Kelvin-Helmholtz Instability is expressed at the “sweet spot” that occurs before the turbulence gets too random. Indeed, it’s the eerie orderliness of the cloud waves and their decided lack of randomness that attracts our attention and, at the same time, raises our eyebrows.
If their strange appearance isn’t enough to set Kelvin-Helmholtz Clouds apart from their fluffy brethren, consider their impermanence: a perfect line of consecutive waves can form and break up within mere minutes. Perhaps this attribute explains, partially at least, why these clouds are as rarely described as they are actually seen. (image via Alyson Hurt)
Kelvin-Helmholtz Clouds may be rare but they also can form under a wide range of weather conditions. For example, the Birmingham event took place in the early morning and involved a thick layer of opaque ground fog.
When Kelvin-Helmholtz Instability occurs in morning fog banks, it typically doesn’t last very long. The rising sun and the accompanying rise in temperature burns away the ephemeral Kelvin-Helmholtz Clouds, much like ordinary, non-wavelike morning fog. (image via Alan Grinberg)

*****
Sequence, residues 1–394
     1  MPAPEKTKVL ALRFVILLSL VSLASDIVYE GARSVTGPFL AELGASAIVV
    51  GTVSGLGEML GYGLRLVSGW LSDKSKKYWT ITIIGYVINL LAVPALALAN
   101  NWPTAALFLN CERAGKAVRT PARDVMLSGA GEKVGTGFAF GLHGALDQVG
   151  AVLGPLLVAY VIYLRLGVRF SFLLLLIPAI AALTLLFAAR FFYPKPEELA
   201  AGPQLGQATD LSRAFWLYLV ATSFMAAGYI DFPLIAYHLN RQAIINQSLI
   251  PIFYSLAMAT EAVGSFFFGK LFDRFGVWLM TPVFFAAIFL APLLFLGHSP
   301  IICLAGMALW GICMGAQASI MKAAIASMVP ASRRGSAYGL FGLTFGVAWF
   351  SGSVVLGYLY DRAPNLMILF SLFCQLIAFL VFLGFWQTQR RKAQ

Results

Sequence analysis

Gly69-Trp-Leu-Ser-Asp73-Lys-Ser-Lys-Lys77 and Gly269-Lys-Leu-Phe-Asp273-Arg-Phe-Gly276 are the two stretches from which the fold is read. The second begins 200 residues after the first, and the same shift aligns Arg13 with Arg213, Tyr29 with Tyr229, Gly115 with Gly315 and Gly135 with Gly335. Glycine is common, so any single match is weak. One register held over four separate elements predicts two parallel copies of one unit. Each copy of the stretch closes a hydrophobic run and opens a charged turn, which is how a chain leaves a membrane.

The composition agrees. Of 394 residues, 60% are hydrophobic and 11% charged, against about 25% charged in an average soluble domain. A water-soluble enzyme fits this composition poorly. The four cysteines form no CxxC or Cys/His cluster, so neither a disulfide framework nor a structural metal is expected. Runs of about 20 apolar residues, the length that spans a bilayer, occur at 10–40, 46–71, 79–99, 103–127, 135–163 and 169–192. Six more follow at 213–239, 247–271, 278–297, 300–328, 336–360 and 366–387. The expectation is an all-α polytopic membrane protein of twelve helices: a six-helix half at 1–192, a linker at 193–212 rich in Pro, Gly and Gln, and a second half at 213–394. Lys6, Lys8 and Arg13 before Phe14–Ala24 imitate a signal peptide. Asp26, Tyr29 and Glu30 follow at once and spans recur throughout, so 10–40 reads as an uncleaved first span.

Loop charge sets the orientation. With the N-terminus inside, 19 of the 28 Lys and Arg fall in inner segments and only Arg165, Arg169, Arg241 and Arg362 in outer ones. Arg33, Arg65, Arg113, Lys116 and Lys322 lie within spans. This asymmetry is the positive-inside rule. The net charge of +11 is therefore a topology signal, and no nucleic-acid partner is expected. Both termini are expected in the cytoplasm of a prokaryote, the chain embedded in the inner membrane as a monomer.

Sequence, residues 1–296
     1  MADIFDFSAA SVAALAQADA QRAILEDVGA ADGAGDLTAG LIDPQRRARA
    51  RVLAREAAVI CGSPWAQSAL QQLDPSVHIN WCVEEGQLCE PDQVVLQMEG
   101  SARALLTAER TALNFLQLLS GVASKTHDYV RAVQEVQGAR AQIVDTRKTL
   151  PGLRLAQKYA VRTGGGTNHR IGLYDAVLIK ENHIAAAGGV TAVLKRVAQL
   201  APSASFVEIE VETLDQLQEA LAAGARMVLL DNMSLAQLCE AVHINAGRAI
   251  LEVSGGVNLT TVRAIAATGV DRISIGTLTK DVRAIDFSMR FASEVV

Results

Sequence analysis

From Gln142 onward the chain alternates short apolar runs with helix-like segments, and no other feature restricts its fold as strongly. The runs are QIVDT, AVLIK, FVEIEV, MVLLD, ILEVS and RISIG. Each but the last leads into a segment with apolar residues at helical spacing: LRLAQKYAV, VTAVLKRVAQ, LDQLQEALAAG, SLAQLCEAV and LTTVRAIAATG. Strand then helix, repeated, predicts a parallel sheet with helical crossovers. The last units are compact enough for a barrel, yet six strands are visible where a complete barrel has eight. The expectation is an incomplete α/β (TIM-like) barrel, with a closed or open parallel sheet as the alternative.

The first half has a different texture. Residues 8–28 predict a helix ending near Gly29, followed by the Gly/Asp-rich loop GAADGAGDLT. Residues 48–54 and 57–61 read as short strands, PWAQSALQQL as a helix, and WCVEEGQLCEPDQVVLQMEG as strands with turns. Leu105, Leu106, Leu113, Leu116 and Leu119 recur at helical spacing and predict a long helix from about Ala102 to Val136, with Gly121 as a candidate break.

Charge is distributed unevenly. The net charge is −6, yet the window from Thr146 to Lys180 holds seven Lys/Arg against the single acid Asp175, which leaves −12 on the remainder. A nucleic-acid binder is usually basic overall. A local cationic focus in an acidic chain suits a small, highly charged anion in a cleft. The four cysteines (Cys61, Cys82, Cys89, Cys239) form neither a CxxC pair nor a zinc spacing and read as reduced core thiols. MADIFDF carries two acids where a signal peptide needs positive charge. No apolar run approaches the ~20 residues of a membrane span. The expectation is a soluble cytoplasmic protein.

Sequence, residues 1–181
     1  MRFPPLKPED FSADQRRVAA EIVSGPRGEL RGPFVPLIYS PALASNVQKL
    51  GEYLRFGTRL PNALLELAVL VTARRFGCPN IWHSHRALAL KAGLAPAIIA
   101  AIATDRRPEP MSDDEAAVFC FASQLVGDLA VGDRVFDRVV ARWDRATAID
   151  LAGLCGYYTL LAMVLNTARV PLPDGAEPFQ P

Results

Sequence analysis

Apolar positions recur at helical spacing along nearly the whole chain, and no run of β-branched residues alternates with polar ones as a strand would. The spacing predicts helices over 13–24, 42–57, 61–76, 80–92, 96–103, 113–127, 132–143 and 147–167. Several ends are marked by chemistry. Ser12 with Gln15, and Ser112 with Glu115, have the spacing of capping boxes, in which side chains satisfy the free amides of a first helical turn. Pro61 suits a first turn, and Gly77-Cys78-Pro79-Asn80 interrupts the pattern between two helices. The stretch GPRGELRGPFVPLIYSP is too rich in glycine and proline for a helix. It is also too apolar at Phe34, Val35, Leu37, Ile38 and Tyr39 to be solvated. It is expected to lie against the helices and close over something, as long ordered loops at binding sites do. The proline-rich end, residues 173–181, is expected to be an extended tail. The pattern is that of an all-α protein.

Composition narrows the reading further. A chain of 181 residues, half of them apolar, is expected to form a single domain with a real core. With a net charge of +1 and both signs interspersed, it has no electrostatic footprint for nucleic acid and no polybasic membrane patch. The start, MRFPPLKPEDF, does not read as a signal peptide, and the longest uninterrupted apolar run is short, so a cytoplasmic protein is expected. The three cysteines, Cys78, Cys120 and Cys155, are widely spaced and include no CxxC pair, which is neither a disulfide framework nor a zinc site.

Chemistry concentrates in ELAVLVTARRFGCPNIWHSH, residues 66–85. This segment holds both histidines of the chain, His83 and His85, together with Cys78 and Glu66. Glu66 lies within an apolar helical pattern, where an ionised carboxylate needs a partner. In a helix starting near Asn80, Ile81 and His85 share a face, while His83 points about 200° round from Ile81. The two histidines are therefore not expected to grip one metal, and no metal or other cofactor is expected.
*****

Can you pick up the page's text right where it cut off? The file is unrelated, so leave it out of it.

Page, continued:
Most other instances of Kelvin-Helmholtz Instability expressed in clouds occur in much higher portions of the troposphere, often highlighted by a clear blue sky background. Isolated mountain peaks such as California’s Mount Shasta can also induce the formation of these unusual cloud formations.
Kelvin-Helmholtz Instability is a physical property and as such, is not exclusive to earthly weather. Astronomers have recorded the phenomenon in the sun’s wispy corona and along cloud bands racing around the gas giant planets Jupiter and Saturn, for example. It’s somewhat humbling to think that some of the larger crests of these interplanetary waves are large enough to curl around our comparatively small blue planet! (image via Drew Brayshaw)
Starry Night, Cloudy Night
You might wonder why the startlingly familiar shape of Kelvin-Helmholtz Clouds combined with their decidedly out-of-place setting hasn’t inspired folk tales, myths, legends and art.
Maybe they have: some say the “swirling clouds in violet haze” that highlight Vincent van Gogh’s exquisite painting The Starry Night were inspired by the Dutch artist once witnessing Kelvin-Helmholtz Clouds. Was van Gogh trying to express some deeper sentiment through his ethereal artwork? If so… “They would not listen, they did not know how. Perhaps they’ll listen now.” (image via Hamed Saber)
Think waves are a sign of something? Check out It’s A Tidalist: 10 Wet & Wild Tsunami Warning Signs!